Sailing: Robertson takes first blood as Patches passes muster
Sunday 31 July 2005
Charging up and down the Solent in glorious, majestic, if slightly lonely style was the biggest boat at the show, the Australian Greg "Wharro" Wharington's 90-foot Wild Thing, lovingly and expensively restored after turning turtle in the last Sydney to Hobart race, when its canting keel parted company with the hull.
He gobbled up the 30-mile course in two and a half hours but his crippling handicap still beat him, allowing double Olympic gold medallist Shirley Robertson, at the helm of Eamon Connelly's new TP52, Patches, to take the first major trophy of the week, the Queen's Cup.
Buzzing around Wharington, as he takes time off from the preparation of his new 70-footer for this winter's Volvo Ocean Race, was a record entry of 1,036 yachts, which, if slightly more humble, are being raced in 38 classes with equal enthusiasm in an event which has been running since 1826. Things were not as crudely commercial then, but the chances to take part were not as widespread. Today, ages range from low teens to octogenarians, sizes from 15 feet upwards and budgets can be as low as the cost of regular weekend clubbing in any British provincial city.
Cowes has always had a rather schizophrenic approach to the image it wants to promote, having been forelock-tugging royalist and upper class toff on the one hand and yet wanting to say that this is a game for everyone on the other. In the main, it is now for everyone and the stars, more often than not, are Olympians from a suburban background.
The day had a few opening glitches before the first classes were sent away to the west in a south-westerly breeze building from a healthy 15 to a top-end 22 knots. There was also just enough swing in direction, up to 40 degrees, to lead to some risky manoeuvres off the start line as there was considerable advantage to be gained by those starting with no right of way (port tack) and trying to scrape ahead of those starting more conventionally with full right of way (starboard tack).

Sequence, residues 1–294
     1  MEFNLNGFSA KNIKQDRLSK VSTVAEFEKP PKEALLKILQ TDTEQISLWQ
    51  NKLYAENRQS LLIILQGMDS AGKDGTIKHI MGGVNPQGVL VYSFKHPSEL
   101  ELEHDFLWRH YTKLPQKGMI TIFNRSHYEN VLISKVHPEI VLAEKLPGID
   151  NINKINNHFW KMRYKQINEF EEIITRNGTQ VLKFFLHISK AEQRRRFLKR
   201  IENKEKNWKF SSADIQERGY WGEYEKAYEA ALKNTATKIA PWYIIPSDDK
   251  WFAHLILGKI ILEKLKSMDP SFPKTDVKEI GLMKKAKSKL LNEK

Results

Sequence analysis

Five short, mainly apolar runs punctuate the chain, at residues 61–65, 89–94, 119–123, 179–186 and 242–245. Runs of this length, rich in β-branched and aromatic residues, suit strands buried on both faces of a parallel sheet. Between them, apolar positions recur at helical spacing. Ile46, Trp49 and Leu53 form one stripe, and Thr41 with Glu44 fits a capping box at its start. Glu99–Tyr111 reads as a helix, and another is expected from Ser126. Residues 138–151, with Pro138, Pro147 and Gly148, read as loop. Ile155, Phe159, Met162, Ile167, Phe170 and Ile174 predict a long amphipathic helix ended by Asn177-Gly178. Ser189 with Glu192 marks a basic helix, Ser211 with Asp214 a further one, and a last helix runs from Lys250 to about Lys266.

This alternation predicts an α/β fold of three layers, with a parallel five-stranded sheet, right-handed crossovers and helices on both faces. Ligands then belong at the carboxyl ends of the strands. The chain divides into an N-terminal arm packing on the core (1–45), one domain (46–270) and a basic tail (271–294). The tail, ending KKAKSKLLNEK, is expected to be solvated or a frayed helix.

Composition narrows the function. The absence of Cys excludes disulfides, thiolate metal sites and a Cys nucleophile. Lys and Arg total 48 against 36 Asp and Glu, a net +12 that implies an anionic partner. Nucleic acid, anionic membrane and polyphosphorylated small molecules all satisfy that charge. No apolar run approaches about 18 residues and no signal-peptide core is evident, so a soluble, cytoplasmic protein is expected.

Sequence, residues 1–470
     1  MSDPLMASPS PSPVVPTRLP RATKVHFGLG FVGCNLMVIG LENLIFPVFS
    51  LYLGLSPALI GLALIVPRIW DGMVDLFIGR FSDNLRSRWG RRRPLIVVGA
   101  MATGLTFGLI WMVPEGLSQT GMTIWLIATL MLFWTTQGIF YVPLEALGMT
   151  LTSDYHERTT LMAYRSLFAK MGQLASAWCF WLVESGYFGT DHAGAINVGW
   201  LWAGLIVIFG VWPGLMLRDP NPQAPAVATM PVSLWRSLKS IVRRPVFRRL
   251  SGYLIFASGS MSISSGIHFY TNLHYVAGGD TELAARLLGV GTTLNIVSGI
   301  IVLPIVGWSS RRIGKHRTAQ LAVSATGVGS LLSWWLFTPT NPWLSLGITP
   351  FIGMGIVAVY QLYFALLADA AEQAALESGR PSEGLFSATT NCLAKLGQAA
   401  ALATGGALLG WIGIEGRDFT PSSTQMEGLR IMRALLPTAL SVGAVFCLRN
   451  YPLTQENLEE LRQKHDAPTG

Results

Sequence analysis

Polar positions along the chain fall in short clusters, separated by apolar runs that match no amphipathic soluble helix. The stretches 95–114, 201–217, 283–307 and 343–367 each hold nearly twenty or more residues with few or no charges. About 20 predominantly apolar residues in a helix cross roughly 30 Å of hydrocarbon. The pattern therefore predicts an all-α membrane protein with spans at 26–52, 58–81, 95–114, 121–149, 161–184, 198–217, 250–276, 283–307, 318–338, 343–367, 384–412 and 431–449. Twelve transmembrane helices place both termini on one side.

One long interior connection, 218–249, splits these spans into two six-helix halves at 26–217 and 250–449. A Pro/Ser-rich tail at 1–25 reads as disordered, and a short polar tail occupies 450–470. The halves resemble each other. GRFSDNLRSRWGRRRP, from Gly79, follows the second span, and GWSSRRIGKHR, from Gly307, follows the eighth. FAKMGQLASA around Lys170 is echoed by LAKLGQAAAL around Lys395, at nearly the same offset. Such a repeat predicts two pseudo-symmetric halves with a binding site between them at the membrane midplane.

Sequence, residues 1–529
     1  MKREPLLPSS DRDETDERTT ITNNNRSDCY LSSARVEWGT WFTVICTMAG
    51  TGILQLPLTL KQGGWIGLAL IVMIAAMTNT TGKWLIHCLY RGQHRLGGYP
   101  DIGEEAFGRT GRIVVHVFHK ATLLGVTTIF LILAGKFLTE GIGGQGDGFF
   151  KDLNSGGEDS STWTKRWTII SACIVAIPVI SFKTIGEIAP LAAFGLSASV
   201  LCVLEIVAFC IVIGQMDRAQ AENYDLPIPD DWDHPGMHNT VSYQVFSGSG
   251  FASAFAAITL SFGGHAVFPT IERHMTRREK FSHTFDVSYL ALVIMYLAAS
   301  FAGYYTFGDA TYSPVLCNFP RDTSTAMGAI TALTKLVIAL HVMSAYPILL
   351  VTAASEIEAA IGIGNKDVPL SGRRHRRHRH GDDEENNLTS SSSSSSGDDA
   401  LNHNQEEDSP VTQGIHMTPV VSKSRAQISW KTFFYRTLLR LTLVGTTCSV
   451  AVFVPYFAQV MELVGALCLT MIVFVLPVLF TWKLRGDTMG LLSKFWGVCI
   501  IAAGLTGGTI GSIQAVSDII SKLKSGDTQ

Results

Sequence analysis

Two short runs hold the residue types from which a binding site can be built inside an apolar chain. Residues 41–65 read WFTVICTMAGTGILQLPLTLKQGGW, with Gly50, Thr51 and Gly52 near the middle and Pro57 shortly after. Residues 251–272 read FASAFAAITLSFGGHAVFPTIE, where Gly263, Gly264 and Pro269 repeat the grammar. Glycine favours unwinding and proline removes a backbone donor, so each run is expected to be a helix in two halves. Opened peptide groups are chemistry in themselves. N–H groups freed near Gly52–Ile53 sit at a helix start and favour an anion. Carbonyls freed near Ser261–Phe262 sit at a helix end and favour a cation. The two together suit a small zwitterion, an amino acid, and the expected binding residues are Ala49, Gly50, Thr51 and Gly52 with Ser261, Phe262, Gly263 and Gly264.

Before any of that cut and thrust began, just poodling about while proceedings were delayed for 25 minutes - the laying of a start-line buoy proved troublesome and then a container ship out of Southampton was promising to carve up anything that got in its way - was as far as Martin Head got in his SB3 Bandit.
Doubtless just discussing tactics or the previous night's conquests, he was in a collision with fellow competitors Pete Draycott, Rick Otten and Dave Duffin's prophetically named Wrecked. It was Bandit which was dismasted and had to be towed in by one of the harbourmaster's launches while the Wrecked crew went on to finish 10th.
The race was won on WKD Vodka Red by the current J24 European champion, Ian Southworth, who has his eyes on the World Championships later this year. But this was a difficult day for quite a few more of his rivals.
SB3 class secretary Dave Cheyne had to retire after "our rudder was ripped off the back" and he attributed some of the other retirements, in a class which has the second-largest number of entries, to people being "spooked".
There was also a glitch with the scheme to send by text message all the instructions about the courses to mobile telephones.
A new software system which tries to ensure that boats from different fleets do not pile into each other at the turning mark buoys, which litter the 20-mile stretch of protected water between the main and the south islands of Britain, was not fully installed until three hours before the start. "There was a technical problem, but it will work fine," said event director Stuart Quarrie.
The forecast is for high-pressure weather, lower-pressure physical competition, and a sunnier weather system to move in.
A case of ready, steady, beep beep.
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